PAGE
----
When I was preparing for this year’s NAI international conference in France, I received a certain amount of advice. “Oh, those French. They’re going to be so rude, especially if you try to speak French. They’ll be even worse if you just speak English, though. So snotty and superior. I’ve heard all about it.”
Spoiler alert: literally everyone I met in France, from the airport and train station in Paris to every passer-by and shopkeeper in Reims (a city whose name I managed to pronounce correctly perhaps 30% of the time), was friendly and welcoming. Strangers would event approach our groups, both in pubs and on the street, politely asking which countries all our fascinating accents come from and sharing their interest in our cultures. Does that mean there are no rude or condescending people in the country? Of course not, but like most people who visit the United States won’t be verbally assaulted by someone demanding they speak perfect “American” or leave the country, the mysterious French citizen turned out to be more often than not a perfectly normal, nice person. On the contrary, I and some of the other interpreters felt a strange twinge while using the bits of French we had learned because of our own cultural associations. In American pop culture terms like, “excusez-moi” are only spoken by either Miss Piggy or an insufferable snob (or an American comedian calling out an insufferable snob) in a sitcom or rom-com. Even attempting a credible French accent brings out an uncomfortable feeling that you’re being rude to the listener. What a sad realization to have, that I had spent most of my life absorbing the hallmarks of an entire country as something comedic and insufferable.
When I returned to the US and reported on the lack of rude French people, I was met with either surprise or the reassurance that this wasn’t the normal state of the people there, or that, “It’s really Paris where everyone is rude, not so much in the countryside.” So I checked with my friends who spent time in Paris. Nope, still no glut of sneering shopkeepers and haughty hoteliers. In addition to a wonderful conference that strengthened the bonds of heritage interpreters across the globe, we seemed to mostly just experience a wonderful country that had been through a great deal of turmoil and growth and is doing the best they can to process what that means to them as a people and on the global stage.
Thinking about how this relates to interpretation, I was being constantly reminded of an experience I had as a nature center coordinator in California, back in 2005. A field trip class of alternative high school students was set to arrive, and everyone from the education coordinator to the teachers warned me that they were going to be a miserable bunch. “Those alternative school, kids, you know.” Well, actually, I did know. My father was the founder of an alternative high school in the northeast the year I was born, and I was raised with this community. I saw some of the smartest, most generous and compassionate teenagers put down as low-lives, druggies, losers, and criminals by people who never took ten minutes to get to know them, frequently by school and city officials, at that. When that class walked in the door, I was waiting with a smile and genuine excitement to see them. Why? Because I knew these kids had been through more than most adults have, had learned to see more than people expect from them, and have been processing their lives in ways that most people think they’re incapable of. That when you gave them something to get into, to really sink their mental teeth into, they got into it. We had some of the best lessons and discussions ever that day. Their teacher was astonished, which was honestly one of the saddest moments of the day. She acted like this was a miracle. It wasn’t. I just had the experience seeing these kids as people, and of knowing that if you shove a stereotype at someone, it can be very difficult to see past that screen to the person beyond it.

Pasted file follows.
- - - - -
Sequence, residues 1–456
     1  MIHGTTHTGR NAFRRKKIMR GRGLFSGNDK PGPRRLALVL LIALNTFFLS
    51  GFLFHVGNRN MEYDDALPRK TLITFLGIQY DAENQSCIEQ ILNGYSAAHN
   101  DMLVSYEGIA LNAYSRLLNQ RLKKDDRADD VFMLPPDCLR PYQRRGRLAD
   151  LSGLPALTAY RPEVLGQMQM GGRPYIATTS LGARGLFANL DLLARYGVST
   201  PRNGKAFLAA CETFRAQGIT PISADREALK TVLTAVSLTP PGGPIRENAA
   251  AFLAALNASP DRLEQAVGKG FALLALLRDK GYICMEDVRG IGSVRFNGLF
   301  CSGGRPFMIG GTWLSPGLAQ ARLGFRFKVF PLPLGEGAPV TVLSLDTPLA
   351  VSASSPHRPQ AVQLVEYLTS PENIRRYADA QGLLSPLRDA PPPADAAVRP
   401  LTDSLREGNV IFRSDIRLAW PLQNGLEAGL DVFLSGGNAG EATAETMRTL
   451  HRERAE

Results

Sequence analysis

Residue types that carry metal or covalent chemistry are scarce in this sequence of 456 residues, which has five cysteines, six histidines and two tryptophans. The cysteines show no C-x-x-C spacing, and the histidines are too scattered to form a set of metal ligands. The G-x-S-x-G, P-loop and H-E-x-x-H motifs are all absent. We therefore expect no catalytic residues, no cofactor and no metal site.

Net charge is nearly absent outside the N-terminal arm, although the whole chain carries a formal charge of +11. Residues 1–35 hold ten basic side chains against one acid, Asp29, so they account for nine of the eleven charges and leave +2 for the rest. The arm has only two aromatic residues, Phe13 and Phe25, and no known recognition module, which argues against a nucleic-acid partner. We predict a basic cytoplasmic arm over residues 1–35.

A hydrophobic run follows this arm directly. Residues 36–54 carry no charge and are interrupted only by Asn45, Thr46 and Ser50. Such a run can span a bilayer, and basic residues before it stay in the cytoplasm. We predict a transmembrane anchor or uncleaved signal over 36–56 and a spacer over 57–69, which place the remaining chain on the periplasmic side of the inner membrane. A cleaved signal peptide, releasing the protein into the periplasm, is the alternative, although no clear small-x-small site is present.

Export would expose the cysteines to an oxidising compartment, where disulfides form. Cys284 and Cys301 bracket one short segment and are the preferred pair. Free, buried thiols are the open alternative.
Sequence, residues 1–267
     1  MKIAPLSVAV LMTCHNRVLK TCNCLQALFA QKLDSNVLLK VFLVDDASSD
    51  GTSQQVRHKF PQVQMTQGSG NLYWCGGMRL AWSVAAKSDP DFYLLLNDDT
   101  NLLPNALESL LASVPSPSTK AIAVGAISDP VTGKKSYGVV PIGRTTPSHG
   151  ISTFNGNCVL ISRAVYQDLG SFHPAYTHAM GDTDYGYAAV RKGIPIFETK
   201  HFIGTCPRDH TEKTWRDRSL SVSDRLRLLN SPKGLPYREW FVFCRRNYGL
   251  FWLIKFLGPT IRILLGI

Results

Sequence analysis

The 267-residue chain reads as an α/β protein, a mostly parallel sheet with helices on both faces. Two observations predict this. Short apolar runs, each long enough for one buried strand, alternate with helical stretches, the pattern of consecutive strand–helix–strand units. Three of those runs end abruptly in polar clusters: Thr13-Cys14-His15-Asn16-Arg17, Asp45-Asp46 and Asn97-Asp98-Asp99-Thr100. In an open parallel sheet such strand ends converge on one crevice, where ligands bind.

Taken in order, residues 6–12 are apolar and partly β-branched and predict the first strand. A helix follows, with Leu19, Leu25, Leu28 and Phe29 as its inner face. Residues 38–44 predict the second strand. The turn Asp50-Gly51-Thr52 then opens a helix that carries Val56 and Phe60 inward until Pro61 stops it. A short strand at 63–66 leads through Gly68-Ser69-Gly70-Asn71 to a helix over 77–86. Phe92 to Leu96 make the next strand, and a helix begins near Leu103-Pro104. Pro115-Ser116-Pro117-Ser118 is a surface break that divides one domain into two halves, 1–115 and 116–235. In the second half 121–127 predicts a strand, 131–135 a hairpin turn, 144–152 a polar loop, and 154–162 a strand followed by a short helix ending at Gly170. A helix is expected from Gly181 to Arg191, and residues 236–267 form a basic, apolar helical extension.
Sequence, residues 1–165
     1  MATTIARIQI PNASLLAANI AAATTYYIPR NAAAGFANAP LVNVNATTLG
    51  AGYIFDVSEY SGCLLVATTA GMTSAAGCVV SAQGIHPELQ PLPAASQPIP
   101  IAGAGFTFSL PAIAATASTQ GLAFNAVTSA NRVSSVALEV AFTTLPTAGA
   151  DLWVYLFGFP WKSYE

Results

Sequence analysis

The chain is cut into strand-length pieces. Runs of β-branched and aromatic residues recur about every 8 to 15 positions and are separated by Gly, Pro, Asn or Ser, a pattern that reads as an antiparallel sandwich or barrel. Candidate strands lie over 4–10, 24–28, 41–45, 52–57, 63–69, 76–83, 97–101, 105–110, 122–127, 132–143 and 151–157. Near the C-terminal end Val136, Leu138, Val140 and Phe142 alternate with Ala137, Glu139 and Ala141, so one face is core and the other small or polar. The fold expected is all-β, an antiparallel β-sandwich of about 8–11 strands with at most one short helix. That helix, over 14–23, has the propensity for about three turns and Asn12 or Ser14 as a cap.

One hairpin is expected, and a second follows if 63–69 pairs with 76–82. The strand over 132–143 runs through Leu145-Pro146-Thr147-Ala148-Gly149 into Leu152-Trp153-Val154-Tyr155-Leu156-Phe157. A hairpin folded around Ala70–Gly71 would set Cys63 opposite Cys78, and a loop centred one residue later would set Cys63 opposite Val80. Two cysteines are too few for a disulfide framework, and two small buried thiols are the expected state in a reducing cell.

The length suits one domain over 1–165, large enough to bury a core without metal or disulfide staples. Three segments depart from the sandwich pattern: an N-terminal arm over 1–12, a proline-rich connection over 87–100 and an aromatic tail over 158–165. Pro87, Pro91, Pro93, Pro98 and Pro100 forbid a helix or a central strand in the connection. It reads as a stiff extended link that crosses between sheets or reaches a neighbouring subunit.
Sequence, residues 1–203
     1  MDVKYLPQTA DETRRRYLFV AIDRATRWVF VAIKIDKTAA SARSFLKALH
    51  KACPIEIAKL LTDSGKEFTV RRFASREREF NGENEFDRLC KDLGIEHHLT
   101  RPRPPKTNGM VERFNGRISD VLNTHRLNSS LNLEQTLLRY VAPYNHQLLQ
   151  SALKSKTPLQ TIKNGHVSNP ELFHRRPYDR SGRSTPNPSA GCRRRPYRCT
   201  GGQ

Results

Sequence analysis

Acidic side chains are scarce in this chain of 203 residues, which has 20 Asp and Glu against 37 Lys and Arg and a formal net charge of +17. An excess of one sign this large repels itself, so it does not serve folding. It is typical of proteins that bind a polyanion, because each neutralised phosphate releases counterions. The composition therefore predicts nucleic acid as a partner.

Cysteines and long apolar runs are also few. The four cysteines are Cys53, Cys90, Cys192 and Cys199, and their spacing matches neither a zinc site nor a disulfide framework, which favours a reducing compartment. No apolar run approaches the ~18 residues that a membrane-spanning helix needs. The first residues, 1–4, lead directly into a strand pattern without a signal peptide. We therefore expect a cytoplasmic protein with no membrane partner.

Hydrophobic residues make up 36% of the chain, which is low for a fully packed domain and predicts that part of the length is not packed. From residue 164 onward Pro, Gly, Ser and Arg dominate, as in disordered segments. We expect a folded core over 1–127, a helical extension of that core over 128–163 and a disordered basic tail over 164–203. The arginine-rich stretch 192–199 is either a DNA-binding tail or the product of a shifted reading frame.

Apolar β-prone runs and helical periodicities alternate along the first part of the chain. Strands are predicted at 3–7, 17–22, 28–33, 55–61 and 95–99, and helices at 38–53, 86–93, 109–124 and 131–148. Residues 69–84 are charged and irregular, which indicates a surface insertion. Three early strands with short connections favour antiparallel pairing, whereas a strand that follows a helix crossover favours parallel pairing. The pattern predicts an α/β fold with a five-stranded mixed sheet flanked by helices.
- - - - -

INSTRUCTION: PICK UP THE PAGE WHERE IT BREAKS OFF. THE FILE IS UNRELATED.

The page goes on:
Very often as interpreters, we don’t have the luxury of time to get to know our visitors, especially when they come as a class or touring group. Categorizations happen because that’s how our brains efficiently function to make sense of the world. None of us are evil for reacting initially to the categorizations our brains present to us when we receive a cue of an accent, an age-range, a type of outfit or look. What we are is responsible for our actions from that moment onward, though. “Oh no, a group of Brazilians are walking in; they’re going to be loud and pushy.” “Ugh, not another bunch of teenagers. Make sure you watch them extra closely, they’ll probably try to steal something.” “Oh, what a nice-looking bunch of suburban ‘gifted and talented’ students. I’m sure we won’t have any problems with them.” “Oh, uh, we have some ‘urban’ students visiting. How can I simplify this lesson so they get the basics, at least?”
Studies since the 1970s have shown that teachers often have conscious and unconscious biases towards or against students, based on race, ethnicity, gender, economic or social class, etc., and that those biased sets of expectations get imprinted onto the student, affecting their entire school experience and ultimately the opportunities they are exposed to by that system. It’s a hard, long road to undo the damage those sorts of stereotypes can do to an individual, but we can grasp every moment we can to do so. My hope going forward is to do my damnedest to catch those moments where my brain offers a stereotype instead of reality, and to push back against it. Interpretation is about finding that relevance, that moment of inspirational connection between the individual and the cherished resource in our care. How well can we do that if we can’t see the actual person in front of us?